I'll admit that when I first got this calling, I wasn't thrilled. You see, I used to be a Primary chorister. And I had that job for - literally - years. I can't remember exactly how long it was, but I went through two pregnancies and spent quite a bit of time leading music with my right hand while holding a baby on my left hip. In fact, I spent so MUCH time leading music this way that I still don't really know what to do with my left hand while leading. :)
By the time I was done with the job last time around, I was really DONE with the job. I was burned out. Because at first glance it doesn't seem like such a hard job. You go in, you sing some songs, you go home. But you also need to plan in advance. You have to make materials to help them learn the song. You have to keep their attention. You have to try and get them to sing. You have to sing the same songs, over and over and over again... even when they're songs you've never loved in the first place. You play games, you entertain, you perform... all to try to get them to participate long enough to learn a few songs for the annual program performance. By the end of each week, you can be exhausted. That's the part that I mostly remembered when they asked me to take on this job again. So I accepted, but I had reservations.
Happily for me, I had forgotten all the good parts of being the chorister. For what other job at church can I make a big cardboard turkey? Or stage a snowball fight? Or play games every week?
I get to watch the little faces light up when I announce that we're going to sing Head, Shoulders, Knees, & Toes - the FAST version. I get to see someone beaming with excitement when they get to choose a favorite song to sing. I get to hear them improving week by week as they learn a new song. And since this is my second shot at this, I've learned a few things that help me enjoy it more.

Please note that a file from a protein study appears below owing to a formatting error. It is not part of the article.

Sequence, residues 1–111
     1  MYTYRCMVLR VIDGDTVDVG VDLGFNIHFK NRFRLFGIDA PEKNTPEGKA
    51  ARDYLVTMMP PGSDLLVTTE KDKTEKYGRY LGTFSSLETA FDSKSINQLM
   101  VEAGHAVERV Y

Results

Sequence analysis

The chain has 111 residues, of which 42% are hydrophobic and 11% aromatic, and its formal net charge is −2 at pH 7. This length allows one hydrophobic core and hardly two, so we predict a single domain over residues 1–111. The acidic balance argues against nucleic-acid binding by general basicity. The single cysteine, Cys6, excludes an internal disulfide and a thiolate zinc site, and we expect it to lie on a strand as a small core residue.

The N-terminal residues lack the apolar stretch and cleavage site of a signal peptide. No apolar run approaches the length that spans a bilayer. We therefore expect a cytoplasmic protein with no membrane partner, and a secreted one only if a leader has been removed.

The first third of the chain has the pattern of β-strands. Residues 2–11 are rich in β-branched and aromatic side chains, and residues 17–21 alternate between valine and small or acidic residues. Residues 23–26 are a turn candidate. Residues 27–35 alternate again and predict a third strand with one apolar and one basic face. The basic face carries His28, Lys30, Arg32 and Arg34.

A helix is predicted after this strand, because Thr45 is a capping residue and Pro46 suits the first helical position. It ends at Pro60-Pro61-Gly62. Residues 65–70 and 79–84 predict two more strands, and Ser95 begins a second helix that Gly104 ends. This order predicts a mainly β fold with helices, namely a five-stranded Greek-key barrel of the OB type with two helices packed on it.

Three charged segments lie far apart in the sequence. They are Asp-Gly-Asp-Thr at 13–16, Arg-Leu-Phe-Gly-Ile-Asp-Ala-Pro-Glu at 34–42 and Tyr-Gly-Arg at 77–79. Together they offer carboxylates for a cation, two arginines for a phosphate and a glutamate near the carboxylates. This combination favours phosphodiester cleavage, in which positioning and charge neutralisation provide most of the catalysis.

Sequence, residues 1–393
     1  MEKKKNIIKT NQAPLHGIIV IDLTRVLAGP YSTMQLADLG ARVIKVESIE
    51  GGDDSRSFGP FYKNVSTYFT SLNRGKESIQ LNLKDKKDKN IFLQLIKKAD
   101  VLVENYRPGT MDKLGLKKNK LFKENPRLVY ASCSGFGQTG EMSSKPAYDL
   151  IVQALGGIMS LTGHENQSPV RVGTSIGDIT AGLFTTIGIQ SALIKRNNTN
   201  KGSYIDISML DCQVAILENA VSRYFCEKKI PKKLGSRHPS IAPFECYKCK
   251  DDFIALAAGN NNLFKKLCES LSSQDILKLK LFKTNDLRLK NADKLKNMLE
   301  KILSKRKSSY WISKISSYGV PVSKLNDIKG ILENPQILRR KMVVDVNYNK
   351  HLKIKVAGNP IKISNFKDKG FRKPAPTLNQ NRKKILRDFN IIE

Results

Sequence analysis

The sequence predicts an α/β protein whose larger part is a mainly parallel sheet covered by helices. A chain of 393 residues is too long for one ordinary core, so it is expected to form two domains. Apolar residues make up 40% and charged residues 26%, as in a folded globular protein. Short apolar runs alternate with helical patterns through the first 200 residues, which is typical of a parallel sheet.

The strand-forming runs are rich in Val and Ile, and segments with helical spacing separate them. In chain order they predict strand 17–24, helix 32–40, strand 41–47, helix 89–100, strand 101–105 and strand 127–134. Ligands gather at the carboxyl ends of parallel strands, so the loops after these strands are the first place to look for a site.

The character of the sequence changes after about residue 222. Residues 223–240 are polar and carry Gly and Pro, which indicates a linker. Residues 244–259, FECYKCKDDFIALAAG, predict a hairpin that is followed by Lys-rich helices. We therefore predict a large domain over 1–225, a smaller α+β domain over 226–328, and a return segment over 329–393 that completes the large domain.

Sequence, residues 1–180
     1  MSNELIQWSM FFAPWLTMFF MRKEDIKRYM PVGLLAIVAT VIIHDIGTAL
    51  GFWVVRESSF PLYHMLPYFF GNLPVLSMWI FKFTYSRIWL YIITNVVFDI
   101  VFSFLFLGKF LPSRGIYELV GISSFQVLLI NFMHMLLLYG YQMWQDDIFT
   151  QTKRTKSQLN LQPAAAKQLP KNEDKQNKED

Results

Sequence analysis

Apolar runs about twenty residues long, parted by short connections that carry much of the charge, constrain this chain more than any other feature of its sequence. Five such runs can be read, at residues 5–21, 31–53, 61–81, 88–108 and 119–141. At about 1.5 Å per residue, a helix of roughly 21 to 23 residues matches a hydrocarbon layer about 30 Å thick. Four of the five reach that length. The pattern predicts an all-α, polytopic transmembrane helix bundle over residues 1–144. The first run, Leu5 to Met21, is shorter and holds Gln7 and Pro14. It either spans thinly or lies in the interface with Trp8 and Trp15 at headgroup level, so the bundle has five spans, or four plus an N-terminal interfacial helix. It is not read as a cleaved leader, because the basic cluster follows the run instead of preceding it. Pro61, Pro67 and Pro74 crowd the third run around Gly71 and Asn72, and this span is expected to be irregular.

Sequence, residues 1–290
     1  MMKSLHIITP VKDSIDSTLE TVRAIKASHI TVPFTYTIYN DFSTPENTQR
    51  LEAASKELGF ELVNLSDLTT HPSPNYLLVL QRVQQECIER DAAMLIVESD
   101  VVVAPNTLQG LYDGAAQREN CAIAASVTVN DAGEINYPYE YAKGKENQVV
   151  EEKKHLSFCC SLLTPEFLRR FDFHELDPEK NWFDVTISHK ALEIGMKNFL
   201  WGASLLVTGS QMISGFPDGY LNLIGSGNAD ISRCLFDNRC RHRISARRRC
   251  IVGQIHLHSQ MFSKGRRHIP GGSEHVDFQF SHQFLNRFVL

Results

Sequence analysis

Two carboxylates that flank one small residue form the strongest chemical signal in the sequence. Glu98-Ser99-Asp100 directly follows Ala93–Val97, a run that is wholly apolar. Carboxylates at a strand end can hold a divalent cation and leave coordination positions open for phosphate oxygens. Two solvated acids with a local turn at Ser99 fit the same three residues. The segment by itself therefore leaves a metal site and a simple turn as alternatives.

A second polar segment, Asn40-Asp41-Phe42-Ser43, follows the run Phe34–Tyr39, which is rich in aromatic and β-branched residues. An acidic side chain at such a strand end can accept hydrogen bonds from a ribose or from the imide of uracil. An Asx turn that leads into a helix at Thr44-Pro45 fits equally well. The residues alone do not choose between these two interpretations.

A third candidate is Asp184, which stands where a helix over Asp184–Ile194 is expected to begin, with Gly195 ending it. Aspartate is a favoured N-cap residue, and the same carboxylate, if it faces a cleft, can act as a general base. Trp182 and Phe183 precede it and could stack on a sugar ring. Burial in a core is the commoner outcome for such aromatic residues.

- I don't take it so seriously. Sometimes, the kids aren't going to pay attention. Sometimes, they don't want to sing. Sometimes, I forget the words. And all of that is okay. I used to feel like I had to make sure every kid was involved and participating. And now I accept that not all of them will. I don't give up on them ever, but I don't take it as a personal failure, either.
- I choose songs I like. After so many years in Primary (when I wasn't the chorister, I've still been involved as a teacher or substitute for a lot of the time), I know most of the songs really well. And some of them I am really tired of hearing. So I go out of my way to find songs that aren't sung very often. And I teach the kids some of my favorite songs. And if it's one I don't like... I just kind of leave it off the list. (Unless one of the kids requests it.)
- I have fun. I goof around plenty. I make silly visuals. I joke with the kids. And sometimes I just go with the flow. When the kids have suggestions - like let's sing the words out of order - we go ahead and try it. It may not work out, but it's a good time.
It was a simple little song. A simple little moment. But it made me really happy.